This poem by David Whyte is called “Sometimes.” The irony is that Whyte’s poems don’t challenge his readers sometimes, but all the time.

“Sometimes”

Sometimes
if you move carefully
through the forest,

breathing
like the ones
in the old stories,

who could cross
a shimmering bed of leaves
without a sound,

you come to a place
whose only task

is to trouble you
with tiny
but frightening requests,

conceived out of nowhere
but in this place
beginning to lead everywhere.

Requests to stop what
you are doing right now,
and

to stop what you
are becoming
while you do it,

questions
that can make
or unmake
a life,

questions
that have patiently
waited for you,

questions
that have no right
to go away.

 

This is one of Whyte’s simpler poems to understand, but that makes it no less challenging to engage with. I have never visited the landscape he describes, the  deep mystical Irish countryside, but I have experienced the kind of “trouble” that landscape brings up for him. It isn’t the setting that is important; it is silence and the stillness it offers. It takes a special place, a place far from the busyness of the world, to hear the “questions/ that have no right/ to go away”.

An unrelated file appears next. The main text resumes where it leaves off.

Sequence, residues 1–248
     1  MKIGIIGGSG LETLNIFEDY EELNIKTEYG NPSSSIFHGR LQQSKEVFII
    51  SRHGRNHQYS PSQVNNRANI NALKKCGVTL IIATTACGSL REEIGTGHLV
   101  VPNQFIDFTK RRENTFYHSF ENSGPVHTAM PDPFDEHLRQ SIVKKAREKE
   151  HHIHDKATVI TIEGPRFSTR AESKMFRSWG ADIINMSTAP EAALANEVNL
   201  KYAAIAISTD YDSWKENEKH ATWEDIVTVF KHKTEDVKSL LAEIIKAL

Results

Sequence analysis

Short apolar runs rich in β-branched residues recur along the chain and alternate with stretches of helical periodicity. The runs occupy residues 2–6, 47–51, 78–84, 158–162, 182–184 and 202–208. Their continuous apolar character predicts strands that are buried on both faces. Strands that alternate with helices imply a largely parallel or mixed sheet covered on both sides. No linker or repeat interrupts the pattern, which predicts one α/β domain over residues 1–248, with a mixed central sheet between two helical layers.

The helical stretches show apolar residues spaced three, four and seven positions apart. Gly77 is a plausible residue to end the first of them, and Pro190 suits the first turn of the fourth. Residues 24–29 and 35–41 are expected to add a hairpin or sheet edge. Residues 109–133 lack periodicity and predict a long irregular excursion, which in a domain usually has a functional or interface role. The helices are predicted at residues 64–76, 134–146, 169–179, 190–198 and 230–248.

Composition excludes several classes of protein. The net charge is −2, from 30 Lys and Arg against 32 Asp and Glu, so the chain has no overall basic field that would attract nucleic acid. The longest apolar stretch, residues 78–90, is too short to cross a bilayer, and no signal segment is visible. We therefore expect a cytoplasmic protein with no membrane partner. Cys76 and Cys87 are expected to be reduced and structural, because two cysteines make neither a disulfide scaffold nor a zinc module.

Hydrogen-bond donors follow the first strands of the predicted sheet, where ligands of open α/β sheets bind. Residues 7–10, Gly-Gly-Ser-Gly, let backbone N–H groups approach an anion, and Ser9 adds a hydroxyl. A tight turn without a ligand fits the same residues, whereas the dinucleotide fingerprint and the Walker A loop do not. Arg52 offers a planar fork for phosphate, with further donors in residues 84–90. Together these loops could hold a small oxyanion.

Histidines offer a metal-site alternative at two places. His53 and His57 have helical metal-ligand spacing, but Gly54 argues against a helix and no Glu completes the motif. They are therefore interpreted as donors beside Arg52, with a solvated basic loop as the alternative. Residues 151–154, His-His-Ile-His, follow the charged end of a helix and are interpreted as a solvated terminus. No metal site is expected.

In our modern world – one that prioritizes performance and efficiency (supreme market values) above all else – these questions are rarely asked. They don’t make sense; they don’t really matter; and to answer them honestly might require us to transform our lives. The lines that haunts me above all else are these:

… to stop what
you are doing right now,
and

to stop what you
are becoming
while you do it,

For years now, this invitation has arisen again and again, to not just consider what I am doing, but who I am while I do it. In all that I do – parenting, marriage, teaching, working, volunteering, studying – how am I showing up and why? I want to be able to name and claim my energy and purpose honestly and with integrity. To be clear, I fail all the time in my execution, but I try to never fail to ask the “questions/ that have no right/ to go away”.

David Whyte lists and elaborates on his questions that have no right to go away in this essay for Oprah.OLYMPUS DIGITAL CAMERA